What are the symptoms of celiac disease or gluten sensitivity?
Typically, children and adolescents will be tested for celiac disease if they have persistent diarrhea and failure to thrive. Other symptoms include abdominal pain, abdominal distention, bloating, constipation, unexplained anemia, vomiting, anorexia, loss of subcutaneous fat, symptoms consistent with irritable bowel syndrome and delayed puberty.
Children with certain medical conditions, including dermatitis herpetiformis, Down Syndrome, immunoglobin A (IgA) deficiency, Type I diabetes, Turner syndrome, hypothyroidism, dental enamel defects and Williams syndrome, may also have a greater prevalence of celiac disease.
I’m concerned about handling such a dramatic change in my family’s eating habits — where do I even start?
Yes, changing to a gluten-free diet takes some work, but experts at Stony Brook’s Celiac Disease and Gluten Sensitivity Center will support you during this transition. We can help you with everything from recipes and reading labels to restaurant strategies.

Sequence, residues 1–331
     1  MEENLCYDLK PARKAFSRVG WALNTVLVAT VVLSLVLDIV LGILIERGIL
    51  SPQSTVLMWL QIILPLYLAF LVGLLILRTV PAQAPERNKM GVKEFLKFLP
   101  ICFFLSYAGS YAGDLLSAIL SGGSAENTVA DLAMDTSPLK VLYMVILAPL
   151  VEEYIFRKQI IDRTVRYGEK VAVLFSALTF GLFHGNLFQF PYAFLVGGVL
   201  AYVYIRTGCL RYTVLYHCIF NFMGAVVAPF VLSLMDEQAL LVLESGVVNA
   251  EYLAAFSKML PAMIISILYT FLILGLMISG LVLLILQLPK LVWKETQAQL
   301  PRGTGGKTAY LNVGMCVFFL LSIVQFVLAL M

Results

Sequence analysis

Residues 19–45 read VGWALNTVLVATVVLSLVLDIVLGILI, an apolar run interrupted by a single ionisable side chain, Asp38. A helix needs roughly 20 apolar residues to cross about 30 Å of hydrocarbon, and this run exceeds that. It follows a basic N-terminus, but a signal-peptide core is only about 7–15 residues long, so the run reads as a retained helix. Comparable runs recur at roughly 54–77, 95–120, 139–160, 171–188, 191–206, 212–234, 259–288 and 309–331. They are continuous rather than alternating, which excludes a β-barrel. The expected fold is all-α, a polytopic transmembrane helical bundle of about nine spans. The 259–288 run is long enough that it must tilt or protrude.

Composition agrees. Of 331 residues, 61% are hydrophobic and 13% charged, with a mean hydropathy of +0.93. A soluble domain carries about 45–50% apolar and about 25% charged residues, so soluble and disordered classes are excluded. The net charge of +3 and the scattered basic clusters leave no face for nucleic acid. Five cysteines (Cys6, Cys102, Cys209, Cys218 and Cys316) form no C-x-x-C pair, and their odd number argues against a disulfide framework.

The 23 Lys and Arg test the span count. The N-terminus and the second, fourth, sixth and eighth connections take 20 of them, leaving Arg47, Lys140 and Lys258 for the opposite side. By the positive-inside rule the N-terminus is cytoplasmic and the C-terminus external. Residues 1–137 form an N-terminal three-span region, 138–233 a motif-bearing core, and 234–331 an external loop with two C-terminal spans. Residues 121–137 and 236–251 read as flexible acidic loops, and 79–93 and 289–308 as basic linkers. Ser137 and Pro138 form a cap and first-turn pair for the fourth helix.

I’m also concerned about my child being singled out or feeling left out at social occasions because of dietary restrictions.
That is a legitimate concern, but also something the team can help you with. Remember, children are remarkably adaptable, and once they understand what they can and cannot eat, they tend to follow through because they feel so much better and no longer get sick all the time. However, birthday parties and other social occasions can sometimes be challenging. The key is planning ahead. We help you find ways to talk to other parents in advance about your child’s dietary needs , find substitutions for traditional celebratory foods and give you other tips for navigating these kind of situations.